Campus cruise: Boise State’s Geordan Martinez and Chris Castillo begin competition today at the NCAA Wrestling Championships at Madison Square Garden in New York. Martinez is seeded 12th at 149 pounds, while Castillo is unseeded at 157. The Bronco 800-meter relay team finished 22nd yesterday at the NCAA Swimming & Diving Championships. And the United States Track and Field and Cross Country Coaches Association (that’s a mouthful) has announced its updated standings for the Program of the Year Award, and the Boise State men’s track and field and cross country team entered the standings as the No. 17 team in the country. The Broncos are the only Mountain West program and one of just four mid-majors to make the top 20 on the men’s side.
This Day In Sports…March 17, 1983:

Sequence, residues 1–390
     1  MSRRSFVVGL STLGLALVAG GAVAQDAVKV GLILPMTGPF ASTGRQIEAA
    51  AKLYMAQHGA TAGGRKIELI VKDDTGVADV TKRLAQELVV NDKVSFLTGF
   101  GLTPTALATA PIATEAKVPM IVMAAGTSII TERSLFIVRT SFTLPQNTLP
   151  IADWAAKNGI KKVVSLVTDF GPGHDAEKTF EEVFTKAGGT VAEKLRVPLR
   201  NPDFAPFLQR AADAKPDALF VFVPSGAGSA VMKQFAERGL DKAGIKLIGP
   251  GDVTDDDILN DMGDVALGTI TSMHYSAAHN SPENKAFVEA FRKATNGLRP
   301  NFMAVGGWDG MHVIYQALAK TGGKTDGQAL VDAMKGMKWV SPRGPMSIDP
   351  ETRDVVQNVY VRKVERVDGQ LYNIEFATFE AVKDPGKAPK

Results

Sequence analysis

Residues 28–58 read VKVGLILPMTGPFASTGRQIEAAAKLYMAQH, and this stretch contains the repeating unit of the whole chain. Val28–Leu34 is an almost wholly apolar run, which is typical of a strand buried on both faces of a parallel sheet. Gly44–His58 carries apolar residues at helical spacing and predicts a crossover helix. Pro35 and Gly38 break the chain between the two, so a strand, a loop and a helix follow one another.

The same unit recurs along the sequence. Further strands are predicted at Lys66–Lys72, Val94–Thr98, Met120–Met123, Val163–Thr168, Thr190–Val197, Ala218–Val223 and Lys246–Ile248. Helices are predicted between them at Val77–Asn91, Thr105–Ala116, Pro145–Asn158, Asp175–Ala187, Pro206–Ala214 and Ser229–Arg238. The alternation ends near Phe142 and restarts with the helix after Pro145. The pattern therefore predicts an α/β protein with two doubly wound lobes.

Boise State hosts rounds one and two of the NCAA Tournament for the first time. The field back then was only 52 teams, so there were just two first-day games in the Pavilion instead of four. Washington State beat Big Sky champion Weber State, and Utah upset Illinois in the first round. Two days later, the Utes would shock UCLA, 67-61, after Virginia and College Basketball Player of the Year Ralph Sampson edged Wazzu, 54-49.
(Tom Scott hosts the Scott Slant segment Sunday nights at 10:30PM on KTVB’s Sunday Sports Extra and anchors five sports segments each weekday on 93.1 The Ticket. He also served as color commentator on KTVB’s telecasts of Boise State football for 14 seasons.)